Legally required benefits - From the National Compensation Survey: includes the employer’s costs for Social Security, Medicare, federal and state unemployment insurance, and workers’ compensation.

Lost-worktime cases involving days away from work - From the Survey of Occupational Injuries and Illnesses: cases resulting in days away from work, or a combination of days away from work and days of restricted work activity.

Net value of construction work - From the Economic Census: the (gross) value of construction work done by an establishment minus costs for construction work subcontracted out.

Nonemployer - From the Economic Census: a business has no paid employees, has annual business receipts of $1 or more in the construction industries, and is subject to federal income taxes. Most nonemployers are selfemployed individuals operating very small unincorporated businesses. Nonemployers can be a partnership, sole proprietorship, or corporation without employees.

North American Industry Classification System (NAICS) - The successor to the Standard Industrial Classification (SIC) system; this system of classifying business establishments is being adopted by the United States, Canada, and Mexico. Under NAICS, construction (code 23) has three sectors, as in the SIC system, but contains substantial changes affecting construction sub-sectors. This system is to be updated every five years. The 2007 NAICS includes revisions to the 2002 NAICS across several sectors, but remains the same as the 2002 version for construction.

Paid employees - From the Economic Census: consists of full- and part-time employees, including salaried officers and executives of corporations, who are on the payroll in the pay period including March 12. Included are employees on paid sick leave, holidays, and vacations; not included are proprietors and partners of unincorporated businesses. The number of establishments with 1 to 19 employees is as of March 12.

Production worker - From the Current Population Survey: in this chart book, same as blue-collar worker, that is, all workers, except managerial, professional (architects, accountants, lawyers), and administrative support staff. Production workers can be either wage-and-salary workers or self-employed.

Productivity - Units of work accomplished or produced per man-hour.

Race - From the Current Population Survey and American Community Survey: since 2003, respondents are allowed to choose more than one race. Previously, multiracial persons were required to select a single primary race. Persons who select more than one race are classified separately in the category “two or more races.” Persons who select one race only are classified in one of the following five categories: 1) white, 2) black or African American, 3) Asian, 4) Native Hawaiian and other Pacific Islander, and 5) American Indian or Alaska Native. Racial minority refers to categories 2 through 5.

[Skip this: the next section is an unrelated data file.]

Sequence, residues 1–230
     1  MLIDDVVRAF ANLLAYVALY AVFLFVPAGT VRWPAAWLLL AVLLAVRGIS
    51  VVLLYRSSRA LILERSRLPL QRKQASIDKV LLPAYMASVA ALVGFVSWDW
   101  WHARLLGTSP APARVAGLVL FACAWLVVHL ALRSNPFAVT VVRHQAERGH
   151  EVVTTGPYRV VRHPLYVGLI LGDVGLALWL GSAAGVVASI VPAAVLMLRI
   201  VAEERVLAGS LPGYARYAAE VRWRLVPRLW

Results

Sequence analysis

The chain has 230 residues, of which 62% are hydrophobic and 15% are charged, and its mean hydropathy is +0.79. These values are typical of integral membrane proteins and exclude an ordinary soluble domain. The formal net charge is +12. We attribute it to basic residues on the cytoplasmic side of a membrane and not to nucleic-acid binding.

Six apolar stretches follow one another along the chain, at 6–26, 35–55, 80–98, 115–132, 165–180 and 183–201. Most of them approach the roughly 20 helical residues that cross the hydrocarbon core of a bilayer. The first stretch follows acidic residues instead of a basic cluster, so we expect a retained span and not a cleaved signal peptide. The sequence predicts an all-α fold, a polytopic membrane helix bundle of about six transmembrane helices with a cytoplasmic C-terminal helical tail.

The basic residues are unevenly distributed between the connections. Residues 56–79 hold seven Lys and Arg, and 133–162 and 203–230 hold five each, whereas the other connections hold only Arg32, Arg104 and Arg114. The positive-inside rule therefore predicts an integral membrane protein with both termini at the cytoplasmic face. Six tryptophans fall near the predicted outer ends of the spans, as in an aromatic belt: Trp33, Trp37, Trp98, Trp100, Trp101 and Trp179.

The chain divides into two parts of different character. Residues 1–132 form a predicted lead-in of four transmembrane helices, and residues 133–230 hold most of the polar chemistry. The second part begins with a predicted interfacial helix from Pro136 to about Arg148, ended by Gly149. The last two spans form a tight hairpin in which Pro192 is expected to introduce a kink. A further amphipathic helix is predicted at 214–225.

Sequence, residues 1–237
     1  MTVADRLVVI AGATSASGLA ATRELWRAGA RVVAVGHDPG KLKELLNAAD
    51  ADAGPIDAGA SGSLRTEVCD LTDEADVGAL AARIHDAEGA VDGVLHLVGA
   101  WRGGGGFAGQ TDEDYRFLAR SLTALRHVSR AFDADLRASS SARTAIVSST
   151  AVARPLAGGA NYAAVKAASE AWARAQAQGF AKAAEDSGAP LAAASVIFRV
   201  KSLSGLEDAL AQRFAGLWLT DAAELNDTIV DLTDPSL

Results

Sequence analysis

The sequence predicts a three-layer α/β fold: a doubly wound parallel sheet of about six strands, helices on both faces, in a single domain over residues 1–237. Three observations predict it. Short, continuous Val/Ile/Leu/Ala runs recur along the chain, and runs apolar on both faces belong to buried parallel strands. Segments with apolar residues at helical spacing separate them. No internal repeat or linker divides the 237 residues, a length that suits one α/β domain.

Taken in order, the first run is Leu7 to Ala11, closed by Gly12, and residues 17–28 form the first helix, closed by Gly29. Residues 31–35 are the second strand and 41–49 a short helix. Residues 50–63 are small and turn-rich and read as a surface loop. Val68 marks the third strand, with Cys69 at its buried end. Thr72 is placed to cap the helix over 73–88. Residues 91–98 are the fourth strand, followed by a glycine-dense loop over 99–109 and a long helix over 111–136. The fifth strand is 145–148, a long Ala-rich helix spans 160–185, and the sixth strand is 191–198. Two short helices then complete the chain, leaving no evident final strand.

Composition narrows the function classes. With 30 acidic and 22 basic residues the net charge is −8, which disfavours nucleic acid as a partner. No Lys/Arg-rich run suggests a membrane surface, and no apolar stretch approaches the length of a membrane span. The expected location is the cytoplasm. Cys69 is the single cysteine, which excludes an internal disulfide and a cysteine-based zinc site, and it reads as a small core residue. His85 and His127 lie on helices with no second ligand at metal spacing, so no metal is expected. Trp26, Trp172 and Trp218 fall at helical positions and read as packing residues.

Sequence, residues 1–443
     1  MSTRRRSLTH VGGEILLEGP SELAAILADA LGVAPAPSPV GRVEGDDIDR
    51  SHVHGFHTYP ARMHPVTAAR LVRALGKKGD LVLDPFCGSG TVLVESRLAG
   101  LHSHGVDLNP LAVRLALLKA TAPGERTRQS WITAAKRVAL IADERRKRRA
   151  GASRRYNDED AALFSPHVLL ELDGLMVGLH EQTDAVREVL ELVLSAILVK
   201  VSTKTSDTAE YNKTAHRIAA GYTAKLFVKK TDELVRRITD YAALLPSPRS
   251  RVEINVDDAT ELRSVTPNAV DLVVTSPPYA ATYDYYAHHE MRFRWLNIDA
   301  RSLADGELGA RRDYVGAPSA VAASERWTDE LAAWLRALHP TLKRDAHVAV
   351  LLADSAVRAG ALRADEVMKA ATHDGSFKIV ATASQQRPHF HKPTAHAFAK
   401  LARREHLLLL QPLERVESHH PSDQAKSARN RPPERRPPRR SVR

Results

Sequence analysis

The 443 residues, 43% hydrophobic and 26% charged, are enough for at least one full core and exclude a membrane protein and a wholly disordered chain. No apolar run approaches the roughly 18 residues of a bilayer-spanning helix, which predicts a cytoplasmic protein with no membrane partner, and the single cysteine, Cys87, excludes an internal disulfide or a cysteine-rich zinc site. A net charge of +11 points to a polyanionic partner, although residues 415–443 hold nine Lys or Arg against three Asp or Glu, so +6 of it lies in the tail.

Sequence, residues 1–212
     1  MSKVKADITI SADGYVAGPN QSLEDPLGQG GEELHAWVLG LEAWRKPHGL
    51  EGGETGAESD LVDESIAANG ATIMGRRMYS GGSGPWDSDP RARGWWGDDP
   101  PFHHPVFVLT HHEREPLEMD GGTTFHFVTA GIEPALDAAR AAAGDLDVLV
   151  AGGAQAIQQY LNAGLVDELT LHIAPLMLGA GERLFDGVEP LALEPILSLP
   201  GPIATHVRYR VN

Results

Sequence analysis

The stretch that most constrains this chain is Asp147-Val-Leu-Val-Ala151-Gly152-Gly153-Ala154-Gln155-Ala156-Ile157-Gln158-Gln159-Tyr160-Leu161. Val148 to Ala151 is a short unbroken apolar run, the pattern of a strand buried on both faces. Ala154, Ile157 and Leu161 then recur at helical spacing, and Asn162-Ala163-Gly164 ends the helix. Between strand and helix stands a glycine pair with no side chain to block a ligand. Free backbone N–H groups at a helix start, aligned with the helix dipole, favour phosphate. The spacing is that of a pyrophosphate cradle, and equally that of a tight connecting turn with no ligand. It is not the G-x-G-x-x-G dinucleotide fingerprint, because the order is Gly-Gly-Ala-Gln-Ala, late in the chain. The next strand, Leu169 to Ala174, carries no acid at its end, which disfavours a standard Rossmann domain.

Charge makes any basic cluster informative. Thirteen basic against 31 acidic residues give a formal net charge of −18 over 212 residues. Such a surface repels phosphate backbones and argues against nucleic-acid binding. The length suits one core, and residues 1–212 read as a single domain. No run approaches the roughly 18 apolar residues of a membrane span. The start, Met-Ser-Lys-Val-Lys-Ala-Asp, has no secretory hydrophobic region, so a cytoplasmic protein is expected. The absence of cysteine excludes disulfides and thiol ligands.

Seasonal adjustment - A statistical technique which eliminates the influences of weather, holidays, and other recurring seasonal events from economic time series. This permits easier observation and analysis of cyclical, trend, and other non-seasonal movements in the data.

Self-employed - From the Current Population Survey: this chart book counts both incorporated and unincorporated (independent contractors, independent consultants, and freelance workers). However, “self-employed” in the U.S. Bureau of Labor Statistics’ (BLS) publications generally refers to unincorporated self-employed, while incorporated self-employed workers are considered wage-and-salary workers on their establishments’ payrolls (see alternative work arrangement and independent contractor).

Standard Industrial Classification (SIC) - This system has been replaced by NAICS. The 1987 version was the last in which construction included three major categories: 15 (general contractors), 16 (heavy and highway), and 17 (specialty contractors), and 26 more precise (3- and 4-digit) subcategories (see North American Industrial Classification System).

Standard Occupational Classification (SOC) - This system is being adopted by federal statistical agencies to classify workers into occupational categories for the purpose of collecting, calculating, or disseminating data. All workers are classified into one occupation (of more than 800) according to their occupational definition. To facilitate Classification, occupations are combined to form 23 major groups, 96 minor groups, and 449 broad occupations. Construction and Extraction Occupations (47-0000) is a major group, consisting of five minor groups: Supervisors, Construction and Extraction Workers; Construction Trades Workers; Helpers, Construction Trades; Other Construction and Related Workers; and Extraction Workers.

Trades - Production occupations in construction, such as bricklayers and carpenters.

Turnover - Separation of an employee from an establishment (voluntary, involuntary, or other).

Type of employment - From the Current Population Survey: refers to wage-and-salary, self-employed, or without payment.

Unincorporated worker - See self-employed.

Union density - From the Current Population Survey: the proportion of union membership (unionization) plus union “coverage” of workers not belonging to a union (on each worker’s main job). This chart book counts wage-and-salary workers in private and public sectors, which may be different from publications counting workers in the private sector only.

Value of Construction Put in Place - From Construction Spending: the value of new construction and based on the value of construction projects. Includes work done by projects in any industry, and is based on ownership, which may be public or private. The series broadly covers new construction and major replacements, such as the complete replacement of a roof or heating system. The tabulations cover all construction under way in a given calendar year.

Value of construction work done - From the Economic Census: the value of all construction work based on receipts received by construction establishments, including new construction, maintenance and repair, along with any construction work by a reporting establishment for itself. Excludes value of business operations outside the United States and work not directly related to construction.

Wage-and-salary worker - Workers who receive wages, salaries, commissions, tips, payment in kind, or piece rates. Includes employees in both private and public sectors. Unlike the U.S. Bureau of Labor Statistics (BLS), however, which counts the incorporated selfemployed as wage-and-salary workers, this chart book counts incorporated self-employed as self-employed.

Without payment - Work “without pay” for 15 hours or more per week on a farm or business operated by a member of the household, who is a relative.